A long time ago, people discovered that sound could also be made by blowing air through a pipe with a opening on the side, thus inventing the whistle. They also found that a range of tones could be produced by assembling a group of whistles with varying lengths and diameters. Then they attached a controller (called a keyboard or manual) so that one person could “play” this collection of pipes. Their invention is what we now know as the pipe organ.
At the start, pipe organs had only one timbre â€“ a basic whistle sound, but over the next several hundred years, smart inventors and musicians made improvements in the technology. They found ways to emulate lots of other instruments, like brass, woodwinds, percussion, and even human voices. Their hope was to fully replicate those real life instruments.
As features were added, pipe organs evolved into enormous, elaborate, and expensive installations, increasingly more complicated to play and maintain. While these pipe organs were truly amazing inventions, capable of creating complex and beautiful music, they were actually quite poor emulations of the real life instruments they were intended to replace.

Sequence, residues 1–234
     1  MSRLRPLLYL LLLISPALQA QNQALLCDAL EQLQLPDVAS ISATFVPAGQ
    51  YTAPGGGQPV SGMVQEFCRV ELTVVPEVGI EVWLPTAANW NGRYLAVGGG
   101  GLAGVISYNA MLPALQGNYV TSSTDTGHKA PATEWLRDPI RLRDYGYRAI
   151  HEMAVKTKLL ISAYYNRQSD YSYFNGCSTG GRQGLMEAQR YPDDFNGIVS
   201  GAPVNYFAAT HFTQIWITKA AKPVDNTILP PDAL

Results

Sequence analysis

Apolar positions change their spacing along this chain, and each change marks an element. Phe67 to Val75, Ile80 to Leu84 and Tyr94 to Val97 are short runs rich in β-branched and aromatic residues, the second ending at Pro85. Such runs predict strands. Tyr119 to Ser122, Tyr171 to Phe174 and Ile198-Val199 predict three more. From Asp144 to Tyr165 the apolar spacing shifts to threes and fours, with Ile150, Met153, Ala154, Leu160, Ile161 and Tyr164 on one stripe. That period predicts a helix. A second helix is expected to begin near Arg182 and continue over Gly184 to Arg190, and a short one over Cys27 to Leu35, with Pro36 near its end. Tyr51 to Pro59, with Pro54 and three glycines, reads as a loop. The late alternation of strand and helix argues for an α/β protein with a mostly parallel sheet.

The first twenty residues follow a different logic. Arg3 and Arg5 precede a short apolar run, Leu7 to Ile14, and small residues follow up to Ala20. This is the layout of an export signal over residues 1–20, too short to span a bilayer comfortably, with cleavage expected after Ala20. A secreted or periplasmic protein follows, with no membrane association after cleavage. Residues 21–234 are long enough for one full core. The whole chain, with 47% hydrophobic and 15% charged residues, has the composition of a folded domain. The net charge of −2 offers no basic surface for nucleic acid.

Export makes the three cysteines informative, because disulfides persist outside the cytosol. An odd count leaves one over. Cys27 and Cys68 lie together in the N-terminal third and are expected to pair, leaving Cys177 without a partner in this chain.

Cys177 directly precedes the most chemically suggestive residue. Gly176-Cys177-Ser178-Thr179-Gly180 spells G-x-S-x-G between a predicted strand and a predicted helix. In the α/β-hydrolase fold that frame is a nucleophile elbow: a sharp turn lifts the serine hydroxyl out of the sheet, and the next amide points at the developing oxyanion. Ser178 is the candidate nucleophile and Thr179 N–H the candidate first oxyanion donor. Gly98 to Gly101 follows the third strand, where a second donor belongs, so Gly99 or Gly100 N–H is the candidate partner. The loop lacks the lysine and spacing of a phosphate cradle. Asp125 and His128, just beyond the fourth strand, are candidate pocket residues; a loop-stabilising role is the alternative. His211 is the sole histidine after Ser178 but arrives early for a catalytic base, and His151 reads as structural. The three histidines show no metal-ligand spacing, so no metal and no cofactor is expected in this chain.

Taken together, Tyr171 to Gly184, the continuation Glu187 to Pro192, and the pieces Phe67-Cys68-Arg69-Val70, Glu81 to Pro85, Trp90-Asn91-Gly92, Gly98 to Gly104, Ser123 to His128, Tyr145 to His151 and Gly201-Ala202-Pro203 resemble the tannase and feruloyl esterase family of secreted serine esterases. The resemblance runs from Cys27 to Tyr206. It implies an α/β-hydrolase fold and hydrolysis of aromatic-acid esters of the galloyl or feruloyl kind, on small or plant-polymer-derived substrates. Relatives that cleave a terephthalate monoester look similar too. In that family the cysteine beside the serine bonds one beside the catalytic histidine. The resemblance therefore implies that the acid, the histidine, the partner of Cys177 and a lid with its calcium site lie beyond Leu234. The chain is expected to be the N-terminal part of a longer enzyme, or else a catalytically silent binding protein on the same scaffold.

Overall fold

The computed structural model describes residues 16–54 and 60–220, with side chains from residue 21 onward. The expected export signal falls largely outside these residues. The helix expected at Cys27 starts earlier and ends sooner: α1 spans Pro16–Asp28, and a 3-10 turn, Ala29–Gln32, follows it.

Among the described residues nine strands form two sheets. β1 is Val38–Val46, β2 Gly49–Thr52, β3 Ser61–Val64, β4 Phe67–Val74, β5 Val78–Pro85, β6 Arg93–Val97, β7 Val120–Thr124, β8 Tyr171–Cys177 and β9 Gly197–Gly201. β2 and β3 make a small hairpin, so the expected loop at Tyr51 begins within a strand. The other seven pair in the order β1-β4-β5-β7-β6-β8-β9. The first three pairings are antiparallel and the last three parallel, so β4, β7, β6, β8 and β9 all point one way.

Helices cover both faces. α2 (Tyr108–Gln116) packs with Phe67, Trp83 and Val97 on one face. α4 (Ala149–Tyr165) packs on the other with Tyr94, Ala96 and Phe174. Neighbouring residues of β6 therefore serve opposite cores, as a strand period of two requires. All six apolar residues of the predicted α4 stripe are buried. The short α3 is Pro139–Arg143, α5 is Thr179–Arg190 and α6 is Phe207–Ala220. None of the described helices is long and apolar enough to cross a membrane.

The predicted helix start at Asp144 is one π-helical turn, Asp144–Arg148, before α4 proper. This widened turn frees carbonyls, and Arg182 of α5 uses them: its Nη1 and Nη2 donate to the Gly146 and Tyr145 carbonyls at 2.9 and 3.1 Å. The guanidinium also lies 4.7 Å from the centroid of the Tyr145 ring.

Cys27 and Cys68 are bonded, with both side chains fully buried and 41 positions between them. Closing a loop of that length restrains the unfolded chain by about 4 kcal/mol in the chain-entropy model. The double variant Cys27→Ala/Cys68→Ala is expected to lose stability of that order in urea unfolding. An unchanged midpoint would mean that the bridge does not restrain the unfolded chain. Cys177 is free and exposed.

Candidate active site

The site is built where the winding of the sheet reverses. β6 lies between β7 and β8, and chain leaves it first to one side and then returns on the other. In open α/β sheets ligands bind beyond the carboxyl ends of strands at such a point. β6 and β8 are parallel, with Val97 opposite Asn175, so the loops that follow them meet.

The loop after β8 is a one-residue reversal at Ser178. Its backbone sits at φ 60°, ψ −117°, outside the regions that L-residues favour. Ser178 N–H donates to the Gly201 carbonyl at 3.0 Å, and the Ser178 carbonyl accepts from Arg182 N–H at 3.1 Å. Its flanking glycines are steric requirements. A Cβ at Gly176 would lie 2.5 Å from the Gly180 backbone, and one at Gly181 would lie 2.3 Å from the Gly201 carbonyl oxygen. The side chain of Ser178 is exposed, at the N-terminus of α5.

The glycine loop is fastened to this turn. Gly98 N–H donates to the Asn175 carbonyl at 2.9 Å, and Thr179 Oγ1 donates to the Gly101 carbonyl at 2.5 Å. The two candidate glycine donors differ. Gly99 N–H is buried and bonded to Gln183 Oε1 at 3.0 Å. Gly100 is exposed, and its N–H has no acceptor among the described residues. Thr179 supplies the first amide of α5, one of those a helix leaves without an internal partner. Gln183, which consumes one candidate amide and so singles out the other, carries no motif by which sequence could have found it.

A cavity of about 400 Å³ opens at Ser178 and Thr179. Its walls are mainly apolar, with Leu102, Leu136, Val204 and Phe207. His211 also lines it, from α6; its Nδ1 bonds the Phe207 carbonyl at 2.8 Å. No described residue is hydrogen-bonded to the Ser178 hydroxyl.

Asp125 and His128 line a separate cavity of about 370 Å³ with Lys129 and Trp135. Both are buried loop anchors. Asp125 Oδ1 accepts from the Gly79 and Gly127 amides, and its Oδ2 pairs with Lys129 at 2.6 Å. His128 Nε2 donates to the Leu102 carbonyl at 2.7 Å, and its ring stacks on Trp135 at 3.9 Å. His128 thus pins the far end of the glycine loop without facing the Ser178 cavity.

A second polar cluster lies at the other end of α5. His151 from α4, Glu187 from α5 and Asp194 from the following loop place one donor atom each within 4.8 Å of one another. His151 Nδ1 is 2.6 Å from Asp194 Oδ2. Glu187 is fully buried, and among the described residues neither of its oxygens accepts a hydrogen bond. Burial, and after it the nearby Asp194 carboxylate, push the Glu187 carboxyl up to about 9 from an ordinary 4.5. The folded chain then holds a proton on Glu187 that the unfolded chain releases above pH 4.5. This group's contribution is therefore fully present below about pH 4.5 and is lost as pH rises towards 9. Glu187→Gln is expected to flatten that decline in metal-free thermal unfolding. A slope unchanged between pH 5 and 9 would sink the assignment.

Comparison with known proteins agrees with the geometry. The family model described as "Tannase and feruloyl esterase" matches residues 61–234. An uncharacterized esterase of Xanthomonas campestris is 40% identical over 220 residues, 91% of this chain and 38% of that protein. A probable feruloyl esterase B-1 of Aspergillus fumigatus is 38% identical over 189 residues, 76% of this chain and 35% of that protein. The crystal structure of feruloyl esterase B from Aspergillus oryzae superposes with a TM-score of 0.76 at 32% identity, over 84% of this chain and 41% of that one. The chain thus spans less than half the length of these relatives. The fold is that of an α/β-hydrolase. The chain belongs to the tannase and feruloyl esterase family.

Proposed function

Still, we humans are adaptable and we fell in love with the sound of pipe organs, learning to appreciate the instrument for what it was, not what it wasn’t.
Eventually, we discovered electricity and began to harness its power to create electromechanical instruments. Creative minds developed things like vacuum tubes, tone wheels, and transistors. Companies like Hammond and Wurlitzer implemented tone wheels to generate sounds approximating a pipe organ.